For Professor Herraíz, the increase in borealis sightings is an opening to talk about “the geophysics of Earth’s spacial environment.” A key aspect is the early detection of space meteorology phenomena, which can permit the adoption of preventative measures to decrease the potential damage resulting from extreme solar events. “The more science there is, the better information we’ll have, and prevention will be more precise.”
“The aurora is the most visible manifestation of the magnetic storms that cause mass to come from the Sun and impact the Earth,” says María Teresa del Río Gaztelurrutia, from the Planetary Science team at the University of Basque Country. The physicist clarifies that they are common, and only “massive events” can cause problems. Such incidents cause the sky to shine at twilight with unusual shades of purple, as the electrons and protons impact with Earth’s oxygen and nitrogen.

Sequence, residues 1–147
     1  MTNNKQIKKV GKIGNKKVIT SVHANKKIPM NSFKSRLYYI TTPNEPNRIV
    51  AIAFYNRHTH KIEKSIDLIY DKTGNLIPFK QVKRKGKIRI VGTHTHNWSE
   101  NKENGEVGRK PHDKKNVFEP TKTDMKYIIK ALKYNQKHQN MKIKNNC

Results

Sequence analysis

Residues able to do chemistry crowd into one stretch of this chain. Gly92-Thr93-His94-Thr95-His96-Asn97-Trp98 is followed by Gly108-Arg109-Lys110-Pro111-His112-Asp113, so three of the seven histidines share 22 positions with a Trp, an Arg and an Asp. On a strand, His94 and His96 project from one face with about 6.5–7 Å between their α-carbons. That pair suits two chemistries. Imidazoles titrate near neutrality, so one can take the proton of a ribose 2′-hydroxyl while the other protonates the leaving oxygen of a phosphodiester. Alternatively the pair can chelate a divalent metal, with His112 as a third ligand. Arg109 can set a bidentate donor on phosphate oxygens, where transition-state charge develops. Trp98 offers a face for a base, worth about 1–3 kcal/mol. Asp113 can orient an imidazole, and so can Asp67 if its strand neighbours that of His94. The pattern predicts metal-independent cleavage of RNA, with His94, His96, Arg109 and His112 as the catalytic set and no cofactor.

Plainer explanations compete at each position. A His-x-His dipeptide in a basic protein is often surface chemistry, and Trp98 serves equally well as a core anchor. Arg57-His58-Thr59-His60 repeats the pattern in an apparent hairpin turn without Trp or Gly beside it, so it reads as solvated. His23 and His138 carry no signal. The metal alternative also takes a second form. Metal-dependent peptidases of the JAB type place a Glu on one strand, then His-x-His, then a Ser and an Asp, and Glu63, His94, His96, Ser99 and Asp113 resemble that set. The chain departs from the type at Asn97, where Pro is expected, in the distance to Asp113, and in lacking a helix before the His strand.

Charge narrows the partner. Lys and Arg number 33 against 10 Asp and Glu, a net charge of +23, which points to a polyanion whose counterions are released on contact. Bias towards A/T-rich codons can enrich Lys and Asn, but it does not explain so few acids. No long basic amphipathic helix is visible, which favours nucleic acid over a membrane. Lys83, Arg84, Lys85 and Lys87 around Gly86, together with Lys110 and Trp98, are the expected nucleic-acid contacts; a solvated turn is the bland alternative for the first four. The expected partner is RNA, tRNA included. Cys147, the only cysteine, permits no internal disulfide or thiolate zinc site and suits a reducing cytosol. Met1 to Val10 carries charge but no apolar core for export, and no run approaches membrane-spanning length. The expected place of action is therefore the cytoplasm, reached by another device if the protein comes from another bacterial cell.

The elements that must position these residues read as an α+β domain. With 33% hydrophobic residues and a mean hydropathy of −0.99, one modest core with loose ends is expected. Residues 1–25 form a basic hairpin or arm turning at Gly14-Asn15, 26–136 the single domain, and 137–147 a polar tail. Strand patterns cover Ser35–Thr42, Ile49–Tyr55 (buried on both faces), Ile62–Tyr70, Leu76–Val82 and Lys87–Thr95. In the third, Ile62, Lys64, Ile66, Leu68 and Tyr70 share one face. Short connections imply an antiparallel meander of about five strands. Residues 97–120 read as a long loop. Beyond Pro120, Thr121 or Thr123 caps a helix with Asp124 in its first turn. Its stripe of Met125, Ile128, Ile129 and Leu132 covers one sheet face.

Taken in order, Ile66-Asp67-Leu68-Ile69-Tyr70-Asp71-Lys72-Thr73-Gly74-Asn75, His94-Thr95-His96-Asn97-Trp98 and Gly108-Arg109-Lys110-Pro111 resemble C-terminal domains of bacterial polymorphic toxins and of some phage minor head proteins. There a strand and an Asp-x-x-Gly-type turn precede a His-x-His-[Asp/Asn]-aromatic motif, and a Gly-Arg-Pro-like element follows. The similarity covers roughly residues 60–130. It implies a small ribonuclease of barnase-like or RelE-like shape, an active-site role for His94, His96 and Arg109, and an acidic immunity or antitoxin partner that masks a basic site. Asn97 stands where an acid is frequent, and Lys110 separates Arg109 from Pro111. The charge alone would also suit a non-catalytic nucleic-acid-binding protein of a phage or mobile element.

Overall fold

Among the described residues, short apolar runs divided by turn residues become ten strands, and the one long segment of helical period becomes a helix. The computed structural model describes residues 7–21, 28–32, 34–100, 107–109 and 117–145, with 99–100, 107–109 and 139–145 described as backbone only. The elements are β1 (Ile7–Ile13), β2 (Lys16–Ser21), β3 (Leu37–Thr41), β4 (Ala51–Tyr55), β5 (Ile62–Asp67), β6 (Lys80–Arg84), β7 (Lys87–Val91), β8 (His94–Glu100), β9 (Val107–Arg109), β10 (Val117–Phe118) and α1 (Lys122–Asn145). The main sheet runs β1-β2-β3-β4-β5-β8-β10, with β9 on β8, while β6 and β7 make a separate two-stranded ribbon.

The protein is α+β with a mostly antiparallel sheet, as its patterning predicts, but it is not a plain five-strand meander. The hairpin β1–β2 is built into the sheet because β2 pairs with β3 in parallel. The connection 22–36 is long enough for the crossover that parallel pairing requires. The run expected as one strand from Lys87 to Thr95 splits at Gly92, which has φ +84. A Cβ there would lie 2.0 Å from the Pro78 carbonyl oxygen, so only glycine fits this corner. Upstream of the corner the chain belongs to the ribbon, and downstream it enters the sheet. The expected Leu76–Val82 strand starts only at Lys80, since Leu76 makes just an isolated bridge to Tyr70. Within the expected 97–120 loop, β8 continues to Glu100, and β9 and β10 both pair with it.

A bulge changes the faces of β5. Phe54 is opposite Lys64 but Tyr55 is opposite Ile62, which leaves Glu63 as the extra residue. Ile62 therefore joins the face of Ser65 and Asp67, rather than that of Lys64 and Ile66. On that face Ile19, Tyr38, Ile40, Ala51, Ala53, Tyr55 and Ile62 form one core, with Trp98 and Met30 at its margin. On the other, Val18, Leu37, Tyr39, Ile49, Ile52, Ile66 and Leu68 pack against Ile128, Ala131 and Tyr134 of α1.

The star show observed in the twilight sky is the “friendly face,” says Professor Herraíz. Aristotle, Seneca and Pliny the Elder all spoke of inexplicable celestial lights, “which shows that auroras had been observed in our latitudes before, and that these atmospheric phenomena are as old as the world,” Herraíz explains. “It’s just that now we can detect them better.”
“What we see is the result of the impact of a coronal mass ejection that has traveled from the Sun to Earth’s magnetosphere, and the interaction of the highly charged particles dragged by the solar wind, which has penetrated the atmosphere of our planet,” the scientist adds. The light emitted by the particles as they lose energy produces a symphony of colors that we call auroras, but it also shows physical phenomena that occur at an atomic scale. That interaction “makes clear the existence of our atmosphere and the magnetic field of the Earth, and, in a certain sense, it makes it visible,” says the professor. Normally, “it has no danger in itself.”